An annual report states that with U.S. trade with Russia continuing to decline and bilateral relations at a low point, it is currently difficult for the U.S. to combat Russia’s ongoing movement away from World Trade Organization principles of national treatment, freer trade, predictability, transparency, and fair competition.
The report from the Office of the U.S. Trade Representative states that bilateral trade over the past ten years has seen significant fluctuations in both imports and exports but has declined overall, with total U.S. goods and services imports from Russia falling 50.6 percent and total U.S. exports to Russia down 57.9 percent. Part of the reason for this decrease is the “extensive U.S. export controls, sanctions, and import bans” imposed in response to Russia’s war against Ukraine. Hundreds of U.S. companies have withdrawn from, or significantly reduced their presence in, Russia, the report states, and Washington has ceased virtually all bilateral engagement on trade and investment issues with Moscow.
However, the report also places blame on Russia’s “increasingly inward-looking industrial and trade policies.” For example, Russia still restricts bilateral trade through import bans on a wide variety of agricultural products as well as high tariffs (above their WTO bound rates) on certain industrial products. It limits exports of certain industrial products and a wide variety of agricultural products and agricultural inputs. It also maintains an import licensing regime that acts to restrict imports of consumer technology products, food safety measures not based on science, and a domestic tax regime that favors domestic software and domestic technology companies.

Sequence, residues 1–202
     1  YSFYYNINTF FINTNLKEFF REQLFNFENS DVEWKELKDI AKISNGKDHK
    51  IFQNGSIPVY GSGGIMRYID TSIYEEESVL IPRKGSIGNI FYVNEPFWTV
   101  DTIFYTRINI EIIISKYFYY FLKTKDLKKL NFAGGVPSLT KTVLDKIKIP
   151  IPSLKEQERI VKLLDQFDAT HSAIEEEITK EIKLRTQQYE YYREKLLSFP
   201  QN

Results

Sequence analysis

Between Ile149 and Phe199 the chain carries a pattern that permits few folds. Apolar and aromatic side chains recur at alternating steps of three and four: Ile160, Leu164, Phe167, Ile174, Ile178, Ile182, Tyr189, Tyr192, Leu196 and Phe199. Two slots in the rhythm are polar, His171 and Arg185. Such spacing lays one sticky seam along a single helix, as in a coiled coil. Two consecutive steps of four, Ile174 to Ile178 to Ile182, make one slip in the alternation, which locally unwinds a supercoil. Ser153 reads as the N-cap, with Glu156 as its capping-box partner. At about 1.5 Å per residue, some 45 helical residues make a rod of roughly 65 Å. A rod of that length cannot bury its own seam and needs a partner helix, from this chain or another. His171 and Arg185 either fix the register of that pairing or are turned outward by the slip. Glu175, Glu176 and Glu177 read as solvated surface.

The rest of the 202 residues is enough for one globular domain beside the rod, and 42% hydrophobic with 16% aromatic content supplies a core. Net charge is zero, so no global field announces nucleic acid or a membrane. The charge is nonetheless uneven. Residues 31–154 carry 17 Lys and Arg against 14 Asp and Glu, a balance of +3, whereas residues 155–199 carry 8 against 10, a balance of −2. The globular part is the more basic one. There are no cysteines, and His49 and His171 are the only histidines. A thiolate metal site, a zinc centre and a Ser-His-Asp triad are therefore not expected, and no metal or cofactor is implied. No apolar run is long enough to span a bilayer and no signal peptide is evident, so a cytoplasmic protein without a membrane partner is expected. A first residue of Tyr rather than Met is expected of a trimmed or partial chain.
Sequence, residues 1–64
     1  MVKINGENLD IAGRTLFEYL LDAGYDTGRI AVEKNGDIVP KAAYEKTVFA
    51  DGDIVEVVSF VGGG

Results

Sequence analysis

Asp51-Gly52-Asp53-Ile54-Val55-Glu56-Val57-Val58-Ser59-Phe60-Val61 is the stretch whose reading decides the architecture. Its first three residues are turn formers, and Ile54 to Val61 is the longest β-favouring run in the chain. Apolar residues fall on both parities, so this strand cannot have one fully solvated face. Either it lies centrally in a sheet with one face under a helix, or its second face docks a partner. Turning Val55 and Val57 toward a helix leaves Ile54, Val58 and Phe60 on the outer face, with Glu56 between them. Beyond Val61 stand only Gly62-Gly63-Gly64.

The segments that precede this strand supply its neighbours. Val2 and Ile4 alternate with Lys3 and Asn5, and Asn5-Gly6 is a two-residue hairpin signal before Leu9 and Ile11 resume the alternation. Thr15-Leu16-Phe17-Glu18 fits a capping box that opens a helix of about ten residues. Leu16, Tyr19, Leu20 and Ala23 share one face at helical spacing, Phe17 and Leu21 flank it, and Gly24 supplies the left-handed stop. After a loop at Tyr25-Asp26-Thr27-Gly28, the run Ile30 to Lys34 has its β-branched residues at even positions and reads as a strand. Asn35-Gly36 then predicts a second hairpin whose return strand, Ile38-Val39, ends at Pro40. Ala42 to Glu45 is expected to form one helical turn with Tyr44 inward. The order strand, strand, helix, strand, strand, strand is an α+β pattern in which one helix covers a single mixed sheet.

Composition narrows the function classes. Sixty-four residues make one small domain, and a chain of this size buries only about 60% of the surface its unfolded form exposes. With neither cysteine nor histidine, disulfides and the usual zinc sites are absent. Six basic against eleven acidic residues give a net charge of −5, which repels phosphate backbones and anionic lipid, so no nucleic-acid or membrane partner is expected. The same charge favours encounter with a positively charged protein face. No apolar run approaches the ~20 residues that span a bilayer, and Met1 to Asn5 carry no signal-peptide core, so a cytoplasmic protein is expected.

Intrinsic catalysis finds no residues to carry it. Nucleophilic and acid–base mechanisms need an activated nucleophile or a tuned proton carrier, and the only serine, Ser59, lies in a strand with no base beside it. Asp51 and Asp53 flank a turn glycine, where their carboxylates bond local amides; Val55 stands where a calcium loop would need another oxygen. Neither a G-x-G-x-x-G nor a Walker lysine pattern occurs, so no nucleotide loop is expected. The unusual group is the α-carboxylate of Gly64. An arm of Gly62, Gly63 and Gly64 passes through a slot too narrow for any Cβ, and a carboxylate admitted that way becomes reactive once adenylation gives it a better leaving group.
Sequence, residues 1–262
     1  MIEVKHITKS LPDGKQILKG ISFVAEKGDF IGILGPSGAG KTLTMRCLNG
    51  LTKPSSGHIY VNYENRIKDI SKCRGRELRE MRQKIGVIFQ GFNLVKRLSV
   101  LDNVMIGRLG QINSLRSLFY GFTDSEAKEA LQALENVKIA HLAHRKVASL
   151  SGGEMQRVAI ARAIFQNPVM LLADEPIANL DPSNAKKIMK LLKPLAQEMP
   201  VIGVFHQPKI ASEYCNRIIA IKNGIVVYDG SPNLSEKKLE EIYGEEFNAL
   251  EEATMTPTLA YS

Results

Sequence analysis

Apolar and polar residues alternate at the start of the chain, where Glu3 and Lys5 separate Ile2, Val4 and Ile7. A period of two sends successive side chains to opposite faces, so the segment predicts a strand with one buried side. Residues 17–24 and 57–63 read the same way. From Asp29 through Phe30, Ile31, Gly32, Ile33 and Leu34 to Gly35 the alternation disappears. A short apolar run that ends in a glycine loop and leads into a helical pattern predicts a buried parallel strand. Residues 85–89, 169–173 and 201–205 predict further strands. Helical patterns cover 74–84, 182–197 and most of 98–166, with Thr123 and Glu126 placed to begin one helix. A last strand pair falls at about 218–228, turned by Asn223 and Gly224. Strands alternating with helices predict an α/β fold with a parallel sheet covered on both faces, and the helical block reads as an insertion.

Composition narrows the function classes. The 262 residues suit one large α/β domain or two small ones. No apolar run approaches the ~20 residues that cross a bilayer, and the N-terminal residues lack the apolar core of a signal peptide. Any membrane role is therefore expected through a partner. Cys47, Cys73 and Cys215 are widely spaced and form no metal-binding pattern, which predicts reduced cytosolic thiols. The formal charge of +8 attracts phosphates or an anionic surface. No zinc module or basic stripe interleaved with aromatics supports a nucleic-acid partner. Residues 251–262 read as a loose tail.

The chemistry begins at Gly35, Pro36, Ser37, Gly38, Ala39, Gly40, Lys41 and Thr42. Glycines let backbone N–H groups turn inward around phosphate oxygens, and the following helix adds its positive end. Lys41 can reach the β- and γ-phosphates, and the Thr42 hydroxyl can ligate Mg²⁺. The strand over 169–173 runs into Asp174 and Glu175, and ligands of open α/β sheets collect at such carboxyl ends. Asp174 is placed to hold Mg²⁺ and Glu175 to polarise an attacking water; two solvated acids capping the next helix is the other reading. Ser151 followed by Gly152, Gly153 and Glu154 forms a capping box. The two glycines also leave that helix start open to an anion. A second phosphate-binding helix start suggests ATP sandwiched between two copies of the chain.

In addition, the report states, import substitution remains a core tenet of Russia’s industrial policy. Alongside non-tariff measures imposed on imports, Russia has enacted explicit import substitution policies that applied initially to government procurement but have been extended to purchases by state-owned enterprises and even to private enterprises. To support its import substitution regime Russia has adopted, among other measures, bans on purchasing imported equipment.
The report concludes that 2023 saw a continuation of Russia’s disregard for its WTO commitments, with Moscow continuing to erect tariffs and non-tariff measures to isolate itself from the benefits of liberal trade. While USTR indicates that it has little current ability to encourage Russia to reverse this trend, given the ongoing decline in two-way trade and the near-total lack of bilateral engagement on trade and investment issues, it pledged to consult with domestic stakeholders and monitor Russia’s actions as it “looks forward to the day that we can again work with Russia.”
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